My anxiety appears primarily BEFORE a social exchange begins, and dissipates as it continues (but can rear its ugly head throughout sometimes). In my head... it's hard to describe. The best description I can think of is to imagine trying to tune the radio to a certain station. As you get close you can "hear the music / words" but you also have static. That's kind of what my mind is like - except the static is my thoughts.

Those thoughts are primarily focused around my mind trying to imagine how the exchange will go, and more importantly how **I** want it to go. These thoughts start out generally both positive and negative - the negative things being the stuff I should avoid. As my anxiety increases, though, I begin to focus too much on the negative; I imagine a thousand things going wrong. This causes my anxiety to increase, and ultimately this leads me to avoid the social exchange entirely.

When I actually enter a social exchange my mind becomes a jumble of thoughts. I'm constantly trying to focus on what's being said, what the other person is doing, and where I want to take the conversation. This can lead me to sometimes abruptly change the topic or sometimes say something stupid. Talking over the phone is even worse because I lack visual cues, and I can accidentally end up interrupting people - especially when I'm ready for the conversation to end. I'm so focused on getting it to end, that it's difficult for me to find a way to handle it tactfully.

Needless to say, all of this merely feeds my anxiety issues - which in turn makes me want to avoid social interaction even more.

If I try and keep my mind clear, and just "act natural" - it's even worse. I end up blurting out the first thing that comes to my mind, often inappropriate or rude (of the blunt variety - not the hateful kind). With people I'm comfortable with - my immediate family mostly - I'm often accused of being overly blunt.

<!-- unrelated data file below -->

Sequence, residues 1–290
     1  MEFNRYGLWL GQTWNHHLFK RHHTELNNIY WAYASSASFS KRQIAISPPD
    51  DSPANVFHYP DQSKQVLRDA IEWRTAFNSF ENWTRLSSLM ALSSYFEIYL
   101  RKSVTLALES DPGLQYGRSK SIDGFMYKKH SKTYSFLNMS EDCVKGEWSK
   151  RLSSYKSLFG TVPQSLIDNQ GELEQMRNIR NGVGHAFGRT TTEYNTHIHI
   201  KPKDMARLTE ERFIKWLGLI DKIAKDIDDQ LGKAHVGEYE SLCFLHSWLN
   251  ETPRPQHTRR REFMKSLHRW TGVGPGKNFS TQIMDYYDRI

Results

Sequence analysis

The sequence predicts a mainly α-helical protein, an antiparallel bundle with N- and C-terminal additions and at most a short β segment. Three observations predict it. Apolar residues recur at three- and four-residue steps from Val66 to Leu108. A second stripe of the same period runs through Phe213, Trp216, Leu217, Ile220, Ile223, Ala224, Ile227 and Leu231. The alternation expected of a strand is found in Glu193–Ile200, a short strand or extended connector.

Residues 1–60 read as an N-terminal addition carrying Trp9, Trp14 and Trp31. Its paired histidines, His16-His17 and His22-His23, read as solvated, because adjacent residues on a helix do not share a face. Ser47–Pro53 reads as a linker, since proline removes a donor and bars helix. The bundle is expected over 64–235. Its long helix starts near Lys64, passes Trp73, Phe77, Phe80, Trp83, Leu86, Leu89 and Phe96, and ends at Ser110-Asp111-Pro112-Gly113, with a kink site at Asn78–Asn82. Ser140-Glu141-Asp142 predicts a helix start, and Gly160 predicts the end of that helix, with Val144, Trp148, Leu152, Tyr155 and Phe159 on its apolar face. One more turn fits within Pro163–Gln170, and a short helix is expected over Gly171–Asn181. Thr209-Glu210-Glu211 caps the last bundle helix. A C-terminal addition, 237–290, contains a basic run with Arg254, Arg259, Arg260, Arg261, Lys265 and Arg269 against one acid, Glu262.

On other issues, I get frustrated often when asked to do simple tasks. Sometimes I show it by saying or acting disdainfully - sometimes, I'm able to keep that in... but it comes from a certain feeling I get... as if mundane tasks take excessive amounts of concentration and focus. I get most frustrated when I am already doing something else and someone needs / wants my help with something else - I'm already busy... even if I'm not ***REALLY*** busy.

That's hard to explain, but to give an example: I'm washing clothes and waiting for the dryer to buzz. Someone asks me to help them take out the trash. My immediate mental reaction: "I'm already washing clothes! You want me to do this too? How can you expect me to do both at the same time!" Clearly, logically, this form of multitasking should be easy and possible, even though for me it's difficult / hard.

Clearly, this has impacted my life in a major way. Part of me hopes that I have ADD so that I can put a name to my problem, strive to understand it, and work to manage it. The other part of me doesn't want anything to be wrong, but clearly - I have things wrong with me, even if it is not ADD. :(

I'm hoping to find others here who have similar problems in their daily lives, and hopefully through connecting with others I'll be able to come to a better understanding of my own issues - whatever those issues may be.

Sorry for such a long first post.

heefman
12-05-10, 03:36 PM
Welcome Aldrick -

I was just recently diagnosed with ADHD and have also suffered from social anxiety most of my life as well. My psychologist pointed out something to me that makes social anxiety seem like almost a life saver for me, as this social anxiety seems to have prevented much of the reckless/thrill seeking behaviors I might have done otherwise.

Aldrick
12-05-10, 04:17 PM
Thanks for the welcome, Heefman.

Yes, I can say my social anxiety has kept me out of trouble as well. When I was in high school the few friends I had shall we say... were not a great influence. My anxiety kept me on the straight and narrow - away from drugs, drinking, smoking - but it also has kept me from actually living my life.

A rather dark silver lining, but it's there.

Part of me believes that if I can just shut out all the constant chatter and worry thats in my head I'd be able to build up confidence and overcome my social anxiety. I feel that it's something I "learned" over time. I just find it hard to ignore the chatter in my head, and when it turns negative (as it virtually always does) it's like a negative feedback loop - causing me to avoid interaction or feel the anxiety.